European Parliament approves AI Act

On 13 March 2024, the European Parliament approved the EU’s Artificial Intelligence (AI) Act. The text was agreed in negotiations with EU member states in December 2023 and has now been endorsed by members of the European Parliament. The new law aims to protect fundamental rights, democracy, the rule of law and environmental sustainability from high-risk artificial intelligence systems while boosting innovation and establishing Europe as a leader in the field of AI.

Banned applications

The new rules ban certain AI applications that threaten citizens’ rights, including biometric categorisation systems based on sensitive characteristics and untargeted scraping of facial images from the internet or CCTV footage to create facial recognition databases. Emotion recognition in the workplace and in schools, social scoring, predictive policing (when based solely on profiling a person or assessing their characteristics), and AI that manipulates human behaviour or exploits people’s vulnerabilities will also be forbidden.

Law enforcement exemptions

The use of biometric identification systems (RBI) by law enforcement agencies is prohibited in principle, except in exhaustively listed and narrowly defined situations. “Real-time” RBI can only be deployed if strict safeguards are met, e.g. its use is limited in time and geographic scope and subject to specific prior judicial or administrative authorisation. Such uses may include, for example, a targeted search of a missing person or preventing a terrorist attack. Using such systems post-facto (“post-remote RBI”) is considered to be a high-risk use case and requires authorisation from a judicial body, such as a judge, before being allowed.

Obligations for high-risk systems

Clear obligations are also foreseen for other high-risk AI systems due to their significant potential harm to health, safety, fundamental rights, the environment, democracy and the rule of law. Examples of high-risk AI uses include critical infrastructure, education and vocational training, employment, essential private and public services (e.g. healthcare, banking), certain systems in law enforcement, migration and border management, justice and democratic processes (e.g. influencing elections). Such high-risk systems must assess and reduce risks, maintain use logs, be transparent and accurate, and ensure human oversight. Citizens will have a right to submit complaints about AI systems and receive explanations about decisions based on high-risk AI systems that affect their rights.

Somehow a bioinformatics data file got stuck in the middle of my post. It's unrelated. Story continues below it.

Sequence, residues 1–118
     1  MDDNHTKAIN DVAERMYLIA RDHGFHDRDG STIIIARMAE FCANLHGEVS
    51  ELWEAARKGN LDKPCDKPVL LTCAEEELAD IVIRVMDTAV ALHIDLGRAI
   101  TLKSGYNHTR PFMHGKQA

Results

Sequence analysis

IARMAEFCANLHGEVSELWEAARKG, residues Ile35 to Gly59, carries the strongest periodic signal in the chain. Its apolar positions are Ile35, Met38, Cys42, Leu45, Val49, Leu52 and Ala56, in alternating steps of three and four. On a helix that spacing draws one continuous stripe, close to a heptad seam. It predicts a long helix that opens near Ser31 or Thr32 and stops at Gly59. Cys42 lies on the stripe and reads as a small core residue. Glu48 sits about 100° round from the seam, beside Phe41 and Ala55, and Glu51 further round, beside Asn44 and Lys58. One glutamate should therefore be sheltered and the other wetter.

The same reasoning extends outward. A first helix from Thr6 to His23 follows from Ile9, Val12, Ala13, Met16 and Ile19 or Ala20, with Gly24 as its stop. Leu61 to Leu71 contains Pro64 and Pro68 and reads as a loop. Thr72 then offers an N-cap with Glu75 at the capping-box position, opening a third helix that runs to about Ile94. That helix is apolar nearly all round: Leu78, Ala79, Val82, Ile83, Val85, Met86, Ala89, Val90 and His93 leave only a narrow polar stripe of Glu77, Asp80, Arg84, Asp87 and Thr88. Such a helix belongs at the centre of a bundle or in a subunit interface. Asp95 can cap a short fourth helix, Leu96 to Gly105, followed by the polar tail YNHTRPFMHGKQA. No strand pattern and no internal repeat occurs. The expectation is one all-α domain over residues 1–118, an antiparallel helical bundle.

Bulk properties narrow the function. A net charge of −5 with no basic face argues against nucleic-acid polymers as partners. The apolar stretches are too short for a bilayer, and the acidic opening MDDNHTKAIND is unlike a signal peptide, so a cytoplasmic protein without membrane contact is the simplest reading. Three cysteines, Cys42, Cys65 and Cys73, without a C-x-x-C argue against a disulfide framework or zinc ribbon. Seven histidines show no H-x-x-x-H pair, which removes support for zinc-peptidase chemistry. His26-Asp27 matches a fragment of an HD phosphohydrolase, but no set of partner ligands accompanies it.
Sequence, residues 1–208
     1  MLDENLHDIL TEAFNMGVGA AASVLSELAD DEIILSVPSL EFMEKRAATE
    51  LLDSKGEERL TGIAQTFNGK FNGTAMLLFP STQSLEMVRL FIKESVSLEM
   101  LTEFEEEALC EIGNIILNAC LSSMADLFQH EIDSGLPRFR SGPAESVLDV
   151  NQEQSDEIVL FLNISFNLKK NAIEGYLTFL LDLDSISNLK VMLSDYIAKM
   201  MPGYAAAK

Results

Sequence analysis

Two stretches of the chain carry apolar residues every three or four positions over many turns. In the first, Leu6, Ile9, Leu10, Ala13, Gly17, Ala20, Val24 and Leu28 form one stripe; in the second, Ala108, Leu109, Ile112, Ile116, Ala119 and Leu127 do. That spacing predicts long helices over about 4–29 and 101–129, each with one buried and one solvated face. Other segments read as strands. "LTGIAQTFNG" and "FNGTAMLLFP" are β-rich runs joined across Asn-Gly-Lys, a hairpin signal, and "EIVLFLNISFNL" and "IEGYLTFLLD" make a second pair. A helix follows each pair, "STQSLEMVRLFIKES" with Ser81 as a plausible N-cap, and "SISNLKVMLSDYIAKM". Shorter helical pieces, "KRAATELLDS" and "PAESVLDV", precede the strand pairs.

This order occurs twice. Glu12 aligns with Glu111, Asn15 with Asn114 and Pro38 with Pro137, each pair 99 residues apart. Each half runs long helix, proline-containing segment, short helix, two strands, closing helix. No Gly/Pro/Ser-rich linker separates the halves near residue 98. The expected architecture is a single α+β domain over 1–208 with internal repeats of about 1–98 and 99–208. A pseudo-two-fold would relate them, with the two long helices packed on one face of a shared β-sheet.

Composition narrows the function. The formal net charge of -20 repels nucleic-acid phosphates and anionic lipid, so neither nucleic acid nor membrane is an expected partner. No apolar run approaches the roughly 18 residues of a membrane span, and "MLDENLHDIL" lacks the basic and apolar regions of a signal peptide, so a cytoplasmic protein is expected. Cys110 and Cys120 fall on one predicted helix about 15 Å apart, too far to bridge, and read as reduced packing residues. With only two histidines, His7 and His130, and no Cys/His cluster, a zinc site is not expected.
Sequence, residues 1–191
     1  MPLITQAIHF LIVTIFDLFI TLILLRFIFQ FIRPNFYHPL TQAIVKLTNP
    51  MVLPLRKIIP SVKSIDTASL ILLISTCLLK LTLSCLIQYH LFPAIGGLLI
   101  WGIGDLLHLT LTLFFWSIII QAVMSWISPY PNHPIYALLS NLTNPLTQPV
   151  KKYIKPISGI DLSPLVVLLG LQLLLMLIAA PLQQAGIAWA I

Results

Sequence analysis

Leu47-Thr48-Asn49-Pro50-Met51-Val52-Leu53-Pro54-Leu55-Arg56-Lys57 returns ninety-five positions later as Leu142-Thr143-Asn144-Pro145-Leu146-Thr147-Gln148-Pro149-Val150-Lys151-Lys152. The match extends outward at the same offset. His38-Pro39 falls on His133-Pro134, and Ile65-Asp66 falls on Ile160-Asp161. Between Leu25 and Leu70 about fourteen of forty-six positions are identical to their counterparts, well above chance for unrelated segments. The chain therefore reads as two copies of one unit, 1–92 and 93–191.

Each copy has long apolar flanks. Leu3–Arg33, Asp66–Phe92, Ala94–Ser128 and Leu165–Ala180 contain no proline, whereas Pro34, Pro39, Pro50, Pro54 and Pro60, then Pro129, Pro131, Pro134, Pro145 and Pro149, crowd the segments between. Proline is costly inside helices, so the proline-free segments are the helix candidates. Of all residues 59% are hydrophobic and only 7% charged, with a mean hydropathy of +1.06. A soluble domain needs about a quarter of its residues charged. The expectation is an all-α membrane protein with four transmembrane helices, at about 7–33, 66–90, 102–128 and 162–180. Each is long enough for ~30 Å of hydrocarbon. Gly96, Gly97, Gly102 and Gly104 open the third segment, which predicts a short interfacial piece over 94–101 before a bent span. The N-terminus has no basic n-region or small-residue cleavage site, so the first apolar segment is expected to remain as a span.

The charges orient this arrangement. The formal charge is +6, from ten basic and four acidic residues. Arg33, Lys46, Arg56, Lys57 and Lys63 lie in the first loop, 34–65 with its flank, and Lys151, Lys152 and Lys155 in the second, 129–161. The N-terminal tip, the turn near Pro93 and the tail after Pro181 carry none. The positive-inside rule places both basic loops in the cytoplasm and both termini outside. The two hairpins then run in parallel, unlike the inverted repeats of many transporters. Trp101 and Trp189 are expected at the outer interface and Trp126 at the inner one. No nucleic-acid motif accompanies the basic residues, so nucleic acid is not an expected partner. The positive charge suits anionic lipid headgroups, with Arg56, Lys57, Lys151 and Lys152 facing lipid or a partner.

Transparency requirements

General-purpose AI (GPAI) systems, and the GPAI models they are based on, must meet certain transparency requirements, including compliance with European copyright law and publishing detailed summaries of the content used for training. The more powerful GPAI models that could pose systemic risks will face additional requirements, including performing model evaluations, assessing and mitigating systemic risks, and reporting on incidents. In addition, artificial or manipulated images, audio or video content (so-called “deepfakes”) need to be clearly labelled as such.

Measures to support innovation and SMEs

One of the most positive aspects of the regulation is the introduction of “regulatory sandboxes” to enable real-world testing of AI systems. These sandboxes will be established at the national level, and made accessible to SMEs and start-ups, to enable them to develop and train innovative AI systems before placing them on the market.

Next steps

The regulation will enter into force twenty days after its publication in the Official Journal, and be fully applicable 24 months after it enters into force. Some provisions will enter into force earlier, for example: bans on prohibited practices, which will apply six months after the entry into force date; codes of practice (nine months after entry into force); general-purpose AI rules including governance (12 months after entry into force); and obligations for high-risk systems (36 months).

Attorneys at Sonnenberg Harrison are following developments in artificial intelligence and can help you navigate through the maze of regulations that are appearing. Get in touch if you have any questions.

Dr. Robert Harrison
(based on a Press Release from the European Parliament)